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ISOmetric RPG in development

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For quite a while now I have been thinking of doing an isometric title for the Lynx since

(at the time!) it seems like the ideal plattform for this with SUSY's fast bitmap drawing etc.

 

A couple of weeks ago Dan Thoresen started posting some mockup screens of a hypothetical RPG style isometric game.

Recently he started implementing it for the hypothetical hardware plattform Pico8 ;-)

 

I was in awe und since he sent me his original spritesheets with the tiles I started testing how this would work and look on the Lynx.

I would not post here if I wasnt determined to develop this into a full scale Atari Lynx game. Ever since we are inclose contact on this endeavor and Dan was most helpful and we had some great chats on layout and general issues.

The maps are 10x10 with the outer tiles usually being defined as (back)walls or exits/doors.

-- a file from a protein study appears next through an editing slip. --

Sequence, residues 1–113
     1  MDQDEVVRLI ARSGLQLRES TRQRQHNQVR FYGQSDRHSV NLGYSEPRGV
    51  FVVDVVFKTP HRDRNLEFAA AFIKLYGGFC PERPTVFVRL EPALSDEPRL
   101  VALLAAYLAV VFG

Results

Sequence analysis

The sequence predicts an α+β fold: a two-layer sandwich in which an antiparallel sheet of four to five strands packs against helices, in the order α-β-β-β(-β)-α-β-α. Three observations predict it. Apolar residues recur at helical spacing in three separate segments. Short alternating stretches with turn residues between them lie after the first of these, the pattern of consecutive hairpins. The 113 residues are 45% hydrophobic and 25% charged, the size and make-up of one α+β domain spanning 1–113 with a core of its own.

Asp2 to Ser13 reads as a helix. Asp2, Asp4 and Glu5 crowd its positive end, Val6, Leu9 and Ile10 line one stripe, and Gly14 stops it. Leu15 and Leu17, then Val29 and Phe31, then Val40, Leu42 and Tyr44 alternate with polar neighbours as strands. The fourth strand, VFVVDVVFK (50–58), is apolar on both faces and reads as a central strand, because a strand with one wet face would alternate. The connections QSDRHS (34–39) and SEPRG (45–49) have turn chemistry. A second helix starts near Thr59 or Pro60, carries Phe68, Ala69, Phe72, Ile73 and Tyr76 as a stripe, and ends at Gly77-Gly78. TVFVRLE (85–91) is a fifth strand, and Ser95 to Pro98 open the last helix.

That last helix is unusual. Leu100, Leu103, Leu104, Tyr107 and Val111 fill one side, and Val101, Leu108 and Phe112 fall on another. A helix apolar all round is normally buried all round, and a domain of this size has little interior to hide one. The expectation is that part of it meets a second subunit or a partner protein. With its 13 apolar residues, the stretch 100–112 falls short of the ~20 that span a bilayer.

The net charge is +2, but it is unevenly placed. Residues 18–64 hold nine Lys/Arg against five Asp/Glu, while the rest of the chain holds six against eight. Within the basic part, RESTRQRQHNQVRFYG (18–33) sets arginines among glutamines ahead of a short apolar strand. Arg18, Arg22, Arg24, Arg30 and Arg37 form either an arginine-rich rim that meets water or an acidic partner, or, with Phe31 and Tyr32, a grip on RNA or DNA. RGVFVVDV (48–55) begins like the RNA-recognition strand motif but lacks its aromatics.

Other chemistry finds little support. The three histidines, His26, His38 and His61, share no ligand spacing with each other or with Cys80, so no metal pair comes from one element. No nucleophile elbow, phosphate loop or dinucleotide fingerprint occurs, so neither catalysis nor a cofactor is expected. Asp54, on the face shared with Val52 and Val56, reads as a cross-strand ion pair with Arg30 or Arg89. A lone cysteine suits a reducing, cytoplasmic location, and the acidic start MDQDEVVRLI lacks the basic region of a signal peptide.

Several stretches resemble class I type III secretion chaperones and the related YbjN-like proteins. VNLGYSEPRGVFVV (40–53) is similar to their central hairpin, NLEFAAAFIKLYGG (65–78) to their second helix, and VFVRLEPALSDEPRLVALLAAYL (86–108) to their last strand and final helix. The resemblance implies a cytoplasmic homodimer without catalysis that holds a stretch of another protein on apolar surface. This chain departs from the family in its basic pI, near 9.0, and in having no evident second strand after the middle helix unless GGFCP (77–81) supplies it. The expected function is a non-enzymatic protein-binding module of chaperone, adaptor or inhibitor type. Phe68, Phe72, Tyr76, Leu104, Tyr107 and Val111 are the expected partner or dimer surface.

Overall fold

My first proof of concept would draw all 10x10 tiles sorted by z-position in a long 100 sprite chain each frame.

Then go on with the player, items and the doors in case they are located at the south/east sides.

It turned out that this is about twice as fast in handysdl or mednafen than on real hardware. What a bummer ;-(

Setting the skip-this-sprite flag was roughly about as fast as pointing the data to a 1 pixel transparent sprite.

 

Drawing isometric tiles is somewhat tricky as i.e. walls are not at the center of a tile but instead are shifted to one side.

Outward corners hence require two tiles to be drawn at the same position, something a Sprite-chain for SUSY couldnt easily reflect.

There is no simple way to redraw individual tiles (quickly) as for isometric view you never know in advance which tiles will overdraw what areas unlike for top-view set ups.